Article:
When asking for space is asking for trouble

Couple in conflict

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“I need space.” Those three little words that usually signify an imminent breakup. But sometimes it’s just one partner needing more alone time than the other.

A Wall Street Journal article about recent research into attachment styles and communication says that people who are more aloof tend to seek out those who are more warm and inviting – leading to a mismatch between how much time each partner wants to spend with the other. One would think we could use personality tests or games when we’re looking for dates, to find people who are more compatible.

Here are some tips for when one partner wants more “me time” than the other:

  • Be specific. Say, ‘I need the afternoon to myself.’ Simply saying ‘I need space’ sends confusing signals.
  • Explain why more space makes you happy, so your partner knows it’s not about him or her.
  • Enjoy the space you take. Guilt defeats the purpose, says Barbara F. Okun, counseling psychology professor at Northeastern University.
  • No secrets. Tell your spouse what you did and with whom when you were away.
  • Don’t get carried away. Too much space weakens your connection.
  • Don’t forget to schedule couple time and family time, too.
 Naturally, the comments turned into a fetid sexist swamp, but do you think men need more time alone than women?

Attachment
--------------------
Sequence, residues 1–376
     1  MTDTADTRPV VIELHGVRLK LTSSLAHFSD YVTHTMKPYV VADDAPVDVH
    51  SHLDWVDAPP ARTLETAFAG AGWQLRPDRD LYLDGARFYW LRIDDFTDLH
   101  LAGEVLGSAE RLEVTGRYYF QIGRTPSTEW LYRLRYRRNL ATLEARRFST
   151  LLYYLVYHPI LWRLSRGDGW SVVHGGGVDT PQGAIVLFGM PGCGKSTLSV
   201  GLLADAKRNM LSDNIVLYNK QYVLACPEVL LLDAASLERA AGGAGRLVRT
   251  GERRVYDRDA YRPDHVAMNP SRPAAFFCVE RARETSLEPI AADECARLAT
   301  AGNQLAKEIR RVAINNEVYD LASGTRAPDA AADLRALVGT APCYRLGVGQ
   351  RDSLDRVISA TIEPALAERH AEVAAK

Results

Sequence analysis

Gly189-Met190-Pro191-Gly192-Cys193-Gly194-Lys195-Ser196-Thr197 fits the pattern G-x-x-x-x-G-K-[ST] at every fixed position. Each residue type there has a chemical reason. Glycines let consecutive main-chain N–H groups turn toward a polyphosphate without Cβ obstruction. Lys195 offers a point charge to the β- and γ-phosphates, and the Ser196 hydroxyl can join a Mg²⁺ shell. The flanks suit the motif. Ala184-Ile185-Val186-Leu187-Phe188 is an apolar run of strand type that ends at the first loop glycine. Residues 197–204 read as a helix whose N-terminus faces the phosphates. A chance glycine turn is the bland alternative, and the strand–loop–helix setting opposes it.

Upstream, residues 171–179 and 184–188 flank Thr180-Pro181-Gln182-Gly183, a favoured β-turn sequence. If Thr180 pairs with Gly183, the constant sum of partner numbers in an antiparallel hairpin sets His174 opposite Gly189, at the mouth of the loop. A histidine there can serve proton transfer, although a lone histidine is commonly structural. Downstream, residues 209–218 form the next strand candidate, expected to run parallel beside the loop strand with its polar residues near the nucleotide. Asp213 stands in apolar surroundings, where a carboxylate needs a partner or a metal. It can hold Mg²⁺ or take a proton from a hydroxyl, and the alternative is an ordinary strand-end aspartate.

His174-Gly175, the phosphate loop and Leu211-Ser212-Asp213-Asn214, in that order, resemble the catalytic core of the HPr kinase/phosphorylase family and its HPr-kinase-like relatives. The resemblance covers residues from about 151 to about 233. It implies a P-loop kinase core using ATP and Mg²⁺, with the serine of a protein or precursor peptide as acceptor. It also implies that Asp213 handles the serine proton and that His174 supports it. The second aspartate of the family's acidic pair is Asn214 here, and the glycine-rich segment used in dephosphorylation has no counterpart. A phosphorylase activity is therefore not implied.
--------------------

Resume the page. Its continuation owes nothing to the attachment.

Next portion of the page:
Are you an “Ivy League” dater?

Two graduates kissing

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When two former Goldman Sachs investment bankers started a dating service for Harvard-educated professionals, it was considered a way to hook up with sugar daddies.

But after a pivot, HarvardDate has become IvyDate, and there’s no longer a requirement to have an expensive degree hanging on your wall in order to join:

Anyone can register for free on the site, no matter if or where they went to school. The catch is that the IvyDate team runs users through an admissions process, creating a community that’s “as selective as the Ivy League, without being limited to the Ivy League,” as Meric states.


So what kinds of qualities are IvyDaters looking for? Intellectual curiosity, love of learning, drive and determination, according to their FAQ.

While you can’t browse profiles, the IvyDate staff will send you five “hand selected” matches a week. It’s free to sign up, respond to messages, and send “Smiles”, but if you want to send substantive messages to any of your matches, you’ll have to pony up to the tune of $30 to $50 per month, depending on the length of your subscription.

IvyDate is focusing on New York City, Boston, and Los Angeles by holding events in these cities for their 30,000 members.

Would you pay for a dating site where you didn’t get to see who’s available beforehand? And would you limit yourself to only the ambitious types that IvyDate is seeking to aggregate?

Is it REALLY so hard to pay attention to tone?

I know this is meant to be satire, but it brings up something serious – how hard it can be to learn the nuances of communicating with your partner.

While it should always be the responsibility of the speaker to make her – or his – feelings known, sometimes it’s hard to be perfectly frank and ask your boyfriend, say, to stay home. It makes me feel insecure and demanding to have to ask, and it’s disappointing to think that the person you’re with doesn’t want to spend time with you.

Do you wish you had a translator to understand what your partner wants?

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